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Are we ready for the next one?

A panel at the World Health Summit reflects on pandemic preparedness in the 21st Century

Panel discusses pandemic preparedness

Every month thousands of public health threats are detected in countries around the world, each signaling the possible start of a disease outbreak which, if not addressed rapidly, could potentially spiral into an epidemic or pandemic with vast social and economic costs. In the past two decades, outbreaks of SARS, H1N1, MERS, Ebola and Zika have forced the global community to grapple with what it takes to identify and contain deadly outbreaks in an age of unprecedented interconnectedness. Since the 2014-15 Ebola outbreak in West Africa, which led to more than 11,000 deaths and billions in economic losses in the three affected countries, great progress has been made in improving pandemic preparedness, not least in the area of financing. But does this mean that the world is ready for the next ‘big one’?

On October 15, experts from academia, international and regional health organisations, the private sector and development cooperation came together at the World Health Summit in Berlin to take stock of pandemic preparedness in the 21st century. The panel discussion, which was moderated by Peter Piot, the director of the London School of Hygiene and Tropical Medicine, was co-organised by Germany’s Federal Ministry of Economic Cooperation and Development (BMZ) and the Kreditanstalt für Wiederaufbau (KfW) development bank.

New systems and products are causes for optimism

Peter Salama

The panel kicked off with an input from Peter Salama, the Deputy Director General for Emergency Preparedness and Response at the World Health Organisation (WHO), who described in concrete terms what a rapid global response now looks like. If a formal risk assessment of an emerging threat deems that follow-on action is needed, WHO activates an incident management system. Within 48 hours, people, cash and supplies are on the ground in the country in question, and the United Nations and the humanitarian system are on standby that a broader response may be needed. By the end of the first week, regional and international partnerships, such as the Global Outbreak Alert and Response Network (GORN), are activated; there is a costed action plan for tackling initial priorities; preparedness has been assessed in neighbouring states; more human resources and supplies are available in country; and an investigation into vaccines and therapeutics has begun.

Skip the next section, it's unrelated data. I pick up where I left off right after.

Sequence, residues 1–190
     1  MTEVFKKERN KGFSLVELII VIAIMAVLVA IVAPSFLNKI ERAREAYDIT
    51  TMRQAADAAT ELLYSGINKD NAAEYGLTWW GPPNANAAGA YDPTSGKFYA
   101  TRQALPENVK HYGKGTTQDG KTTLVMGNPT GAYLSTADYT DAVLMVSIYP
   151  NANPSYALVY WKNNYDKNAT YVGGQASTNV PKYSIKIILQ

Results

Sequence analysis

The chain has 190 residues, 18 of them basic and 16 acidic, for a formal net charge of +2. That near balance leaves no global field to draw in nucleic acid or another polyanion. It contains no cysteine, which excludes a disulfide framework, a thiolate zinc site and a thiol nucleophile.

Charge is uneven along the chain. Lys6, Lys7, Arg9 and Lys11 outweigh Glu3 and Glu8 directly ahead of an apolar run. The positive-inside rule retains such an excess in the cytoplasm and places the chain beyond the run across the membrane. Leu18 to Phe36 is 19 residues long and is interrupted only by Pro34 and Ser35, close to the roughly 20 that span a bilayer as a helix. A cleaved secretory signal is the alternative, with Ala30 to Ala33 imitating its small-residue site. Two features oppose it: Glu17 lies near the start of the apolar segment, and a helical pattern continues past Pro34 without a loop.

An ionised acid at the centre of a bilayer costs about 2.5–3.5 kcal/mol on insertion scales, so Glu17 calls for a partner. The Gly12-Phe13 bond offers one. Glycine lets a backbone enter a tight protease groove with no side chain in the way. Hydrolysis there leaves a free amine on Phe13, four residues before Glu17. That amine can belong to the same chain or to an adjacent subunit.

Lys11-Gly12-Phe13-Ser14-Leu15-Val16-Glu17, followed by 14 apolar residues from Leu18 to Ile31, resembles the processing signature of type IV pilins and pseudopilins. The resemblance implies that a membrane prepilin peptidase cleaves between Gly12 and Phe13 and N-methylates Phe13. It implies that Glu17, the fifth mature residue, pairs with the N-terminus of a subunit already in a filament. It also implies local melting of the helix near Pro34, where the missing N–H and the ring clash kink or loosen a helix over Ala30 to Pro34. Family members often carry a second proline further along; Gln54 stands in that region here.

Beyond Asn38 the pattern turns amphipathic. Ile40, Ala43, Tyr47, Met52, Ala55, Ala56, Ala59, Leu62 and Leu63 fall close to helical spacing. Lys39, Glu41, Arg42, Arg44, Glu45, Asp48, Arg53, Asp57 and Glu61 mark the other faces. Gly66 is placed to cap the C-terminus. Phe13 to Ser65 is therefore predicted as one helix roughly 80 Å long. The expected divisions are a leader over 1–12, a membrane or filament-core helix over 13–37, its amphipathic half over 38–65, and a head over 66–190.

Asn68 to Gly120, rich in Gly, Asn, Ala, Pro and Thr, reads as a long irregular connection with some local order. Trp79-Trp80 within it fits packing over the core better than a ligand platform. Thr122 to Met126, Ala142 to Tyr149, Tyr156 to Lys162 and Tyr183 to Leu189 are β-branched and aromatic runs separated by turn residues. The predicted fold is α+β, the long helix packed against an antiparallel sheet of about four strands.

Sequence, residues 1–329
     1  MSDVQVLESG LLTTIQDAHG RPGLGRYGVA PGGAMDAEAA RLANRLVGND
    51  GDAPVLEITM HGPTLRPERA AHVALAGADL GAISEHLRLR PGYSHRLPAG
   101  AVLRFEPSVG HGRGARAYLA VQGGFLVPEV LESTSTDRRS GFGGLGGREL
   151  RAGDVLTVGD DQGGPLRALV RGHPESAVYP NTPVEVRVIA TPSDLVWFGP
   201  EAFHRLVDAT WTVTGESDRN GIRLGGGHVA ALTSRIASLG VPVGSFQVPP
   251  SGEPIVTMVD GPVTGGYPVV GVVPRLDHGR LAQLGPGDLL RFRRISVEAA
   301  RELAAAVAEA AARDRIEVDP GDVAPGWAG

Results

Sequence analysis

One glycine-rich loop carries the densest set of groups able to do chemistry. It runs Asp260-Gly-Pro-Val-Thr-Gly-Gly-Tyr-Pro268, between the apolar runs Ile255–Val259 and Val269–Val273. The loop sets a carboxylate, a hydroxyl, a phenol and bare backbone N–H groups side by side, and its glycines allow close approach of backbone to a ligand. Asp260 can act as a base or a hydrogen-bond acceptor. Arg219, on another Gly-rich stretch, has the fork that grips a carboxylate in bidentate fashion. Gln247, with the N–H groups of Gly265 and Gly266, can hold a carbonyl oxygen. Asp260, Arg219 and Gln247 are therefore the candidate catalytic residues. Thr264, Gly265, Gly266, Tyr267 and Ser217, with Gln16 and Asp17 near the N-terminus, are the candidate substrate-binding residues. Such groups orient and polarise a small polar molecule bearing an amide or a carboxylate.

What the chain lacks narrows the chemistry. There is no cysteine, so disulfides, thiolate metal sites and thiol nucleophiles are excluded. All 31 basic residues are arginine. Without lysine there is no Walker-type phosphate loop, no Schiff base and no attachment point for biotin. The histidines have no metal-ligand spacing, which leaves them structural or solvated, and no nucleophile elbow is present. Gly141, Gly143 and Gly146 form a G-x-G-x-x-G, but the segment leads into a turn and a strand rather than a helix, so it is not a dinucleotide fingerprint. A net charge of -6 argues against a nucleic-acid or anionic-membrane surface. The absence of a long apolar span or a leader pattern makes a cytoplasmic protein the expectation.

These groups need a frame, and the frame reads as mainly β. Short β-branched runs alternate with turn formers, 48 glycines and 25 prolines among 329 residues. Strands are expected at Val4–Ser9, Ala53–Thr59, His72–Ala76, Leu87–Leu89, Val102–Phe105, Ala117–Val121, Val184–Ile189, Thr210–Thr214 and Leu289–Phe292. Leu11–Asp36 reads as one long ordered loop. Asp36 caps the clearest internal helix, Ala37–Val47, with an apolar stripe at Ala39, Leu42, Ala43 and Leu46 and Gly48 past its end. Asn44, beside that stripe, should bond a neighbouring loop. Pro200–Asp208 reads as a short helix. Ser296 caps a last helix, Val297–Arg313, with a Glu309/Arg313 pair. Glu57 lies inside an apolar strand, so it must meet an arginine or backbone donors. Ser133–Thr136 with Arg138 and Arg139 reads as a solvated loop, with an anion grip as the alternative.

Salama went on to note that the current Ebola outbreak in North Kivu in the Democratic Republic of Congo is the ‘single biggest test of all those we’ve faced in recent years.’ Despite incredible complexities – a high-threat pathogen spread over a large territory, armed conflict, a highly mobile population, the presence of international borders and an upcoming election – there is also cause for optimism, according to Salama. ‘In addition to traditional response measures, we’re using products, systems and innovations we’ve never been able to use before,’ he explained. New investigative products, including four therapeutics and the Ebola vaccine developed by Merck, are being used at scale for the first time.

Pandemic insurance offers fast financing for inevitable risks